Wednesday, April 30, 2008

Back in the saddle...

In the past two days I have seen patients aged from 0 (well ok, 2 weeks) to 102 (with her card from the Queen, sent on her centenary, still proudly on display in her flat). I’ve tried to help a number of young women to avoid unwanted pregnancies, and begun the process of helping one couple who are struggling to make a very wanted baby. I’ve held discussions with young mums about the development and well being of their infants, and one long and heart-searching discussion with the septuagenarian son on a nonagenarian mum who has become non-responsive in a nursing home and looks likely to be entering what will be a short and hopefully painless final illness.

I have seen two dozen sore throats, a handful of bad backs, more than a handful of depressed folk (two just coming back from the brink of self-immolation). I have talked with one chap about a necessary early retirement. I’ve counseled the family of a man undergoing investigations for a scan anomaly which just might be cancer, but is more likely to have been the radiological equivalent of a hair in the gate, ( “yes everything is very probably o.k. but we have to do a scope examination to absolutely sure. Right now the most we can do is hope for the best, but plan for the worst”. A platitude that reassures no-one, but at least the explanation of the process seems to have helped a bit).

I’ve made three routine home visits and two urgents (one of the latter requiring an emergency admission to hospital after a “min-stroke”). I have five referral letters dictated and waiting to be typed. I’ve petted two dogs, three cats and placated a half dozen toddlers.

A couple of my patients this past two days appear to have been left with the impression (quite wrongly) that I can do magic. A handful have left me in no doubt that I am a waste of space and not nearly as good as that nice Dr Neighbour, “why does he always have to be on holiday when I need him so I get stuck with you?”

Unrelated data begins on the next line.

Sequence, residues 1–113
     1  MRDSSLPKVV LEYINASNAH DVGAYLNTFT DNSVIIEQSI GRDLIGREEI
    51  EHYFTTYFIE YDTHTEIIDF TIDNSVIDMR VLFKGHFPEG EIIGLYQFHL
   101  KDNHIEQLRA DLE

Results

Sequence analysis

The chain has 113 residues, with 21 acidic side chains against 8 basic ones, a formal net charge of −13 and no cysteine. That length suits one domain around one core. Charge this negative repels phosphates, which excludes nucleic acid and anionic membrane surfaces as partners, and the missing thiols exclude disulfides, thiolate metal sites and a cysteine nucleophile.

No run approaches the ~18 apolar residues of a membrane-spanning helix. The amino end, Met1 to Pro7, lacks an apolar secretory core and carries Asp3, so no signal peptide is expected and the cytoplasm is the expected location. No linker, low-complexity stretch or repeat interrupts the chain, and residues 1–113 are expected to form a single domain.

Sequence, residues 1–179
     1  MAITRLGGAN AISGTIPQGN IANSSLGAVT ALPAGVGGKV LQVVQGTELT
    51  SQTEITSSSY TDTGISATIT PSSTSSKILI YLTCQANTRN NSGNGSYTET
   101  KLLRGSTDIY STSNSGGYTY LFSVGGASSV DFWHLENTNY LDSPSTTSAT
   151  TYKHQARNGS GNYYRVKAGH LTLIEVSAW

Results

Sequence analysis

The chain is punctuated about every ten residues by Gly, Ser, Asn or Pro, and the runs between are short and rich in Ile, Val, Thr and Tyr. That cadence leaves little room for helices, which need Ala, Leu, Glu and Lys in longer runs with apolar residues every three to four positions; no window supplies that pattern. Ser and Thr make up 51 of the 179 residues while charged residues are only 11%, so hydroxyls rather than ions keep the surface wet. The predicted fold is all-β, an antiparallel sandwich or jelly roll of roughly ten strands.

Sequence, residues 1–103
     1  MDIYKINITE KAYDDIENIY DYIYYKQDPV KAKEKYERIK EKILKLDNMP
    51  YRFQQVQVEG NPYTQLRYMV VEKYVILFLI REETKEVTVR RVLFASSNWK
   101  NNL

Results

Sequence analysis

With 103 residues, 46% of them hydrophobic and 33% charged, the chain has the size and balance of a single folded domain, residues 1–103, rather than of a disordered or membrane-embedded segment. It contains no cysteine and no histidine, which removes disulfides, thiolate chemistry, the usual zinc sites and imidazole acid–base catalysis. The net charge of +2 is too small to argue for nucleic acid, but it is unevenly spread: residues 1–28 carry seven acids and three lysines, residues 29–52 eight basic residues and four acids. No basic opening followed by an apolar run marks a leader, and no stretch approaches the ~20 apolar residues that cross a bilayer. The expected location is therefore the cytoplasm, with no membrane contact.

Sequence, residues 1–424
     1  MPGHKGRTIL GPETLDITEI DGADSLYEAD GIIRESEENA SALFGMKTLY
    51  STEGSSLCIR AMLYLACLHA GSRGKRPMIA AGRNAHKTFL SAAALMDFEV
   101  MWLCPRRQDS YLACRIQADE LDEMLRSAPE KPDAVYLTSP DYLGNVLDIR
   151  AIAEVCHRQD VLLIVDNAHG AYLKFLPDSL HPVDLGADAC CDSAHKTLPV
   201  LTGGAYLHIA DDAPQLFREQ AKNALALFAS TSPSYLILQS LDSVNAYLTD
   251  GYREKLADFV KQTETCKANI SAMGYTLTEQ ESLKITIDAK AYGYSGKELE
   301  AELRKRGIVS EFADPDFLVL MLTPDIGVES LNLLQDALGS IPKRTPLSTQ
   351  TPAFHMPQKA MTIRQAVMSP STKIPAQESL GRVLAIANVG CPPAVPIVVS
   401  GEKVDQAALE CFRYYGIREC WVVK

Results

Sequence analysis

All in all it’s been a pretty average couple of days, but it feels good to be getting my mojo back. I have no idea where it went, but right now I don’t care, and you’d be pretty hard pressed to persuade me I don’t have the best job in the world.

Except maybe for a Ben and Jerry’s Ice Cream Flavour Tester.


Anonymous said...

Hey Dr J

You have, in my opinion, a nice enough job. If, that is, you like working with sick, mad, sad people, and body fluids, and death (and yes, birth) and other icky things.

But still. A fairly decent job. Ben and Jerry's notwithstanding.

However, the NHS sucks. After 8 months in England I am gagging to get back to France and the decent health care they have there. (Although not just for the health care, to be sure. England saddens, and maddens, me. This has not been the best time of my life.)

Anyway, I feel sorry for you, having to work within such a horrid system. Demoralising. Demotivating. Dehumanising.


Dr Andrew Brown said...

Hey hey, Dr J! I'm glad to hear you are on top of things. Yes, it can be the best job in the world. Alternatively it can be a wearisome struggle. Like you, I've been in both places and obtained the relevant short-sleeved tops.

Anonymous: I have a similarly dual view of England: the best of countries, and a sore disappointment. As Betjeman put it: "dear old, bloody old England".

Nostrumdammit said...

Just stick with it Dear Boy and you'll find that the other end is here sooner than you think.
I should know, I overshot about six months ago and have been reduced to voluntary work in a Pomeranian Salad Bar in order to have a sense of value. I'm hoping that with some careful networking I can hold myself in that delicious place of anticipating de-mobilisation and yet still having the benefits of being employed and yet strangely detached from the flotsam and jetsam that poses as humanity and imposes on practice life.

I also find Burmese Head Massages amusing.

orchidea said...

This post is one of my favourites to date. It makes me wish I had a proper job.

o xxx

steveg said...

Good on yer Doc!

Is it a co-incidence that your good feelings coincide with the nicer weather and the trees starting to "green up"? - I am sure that everything coming back to life in Borsetshire (SP?) would give me some of the joys of life too!

I hope this also brings you back to the computer to post more - we have missed you a lot.



Doctor Jest said...

"anonymous" W-- welcome, or is that welcome back? So sorry to hear of your run-in's with the creaking edifice that is the NHS, and your tribulations in Dear Old Blighty. I hope and trust that things will look up soon. Are you back blogging perchance, only I'm afraid I rather lost touch? Do tell.

Dr B-- yes, rather like democracy I tend to end up feeling "Britain is the worst of countries-- except for all the others." Then again, having never been away from Blighty for longer that three weeks at a stretch I suppose my chauvinism is baseless, if that isn't already a tautology?

Nostrum'-- retired already? I didn't realize they let Pharmacists go so young ;-)... BTW just what defines a "Pommeranian Salad" exactly? And however did you come by a Burmese Head? (So sorry, but I appear to be in a silly mood this afternoon).

Orchidea-- I think we both know you really do have a proper job, on top of all the other wonderful things you get up to ;-)And with nasty deadlines and all... I hope and trust all's well in your corner of the globe?

Steveg-- "No worries mate", and you're probably right about the weather et al too. And we have bluebells out at Jest Acres!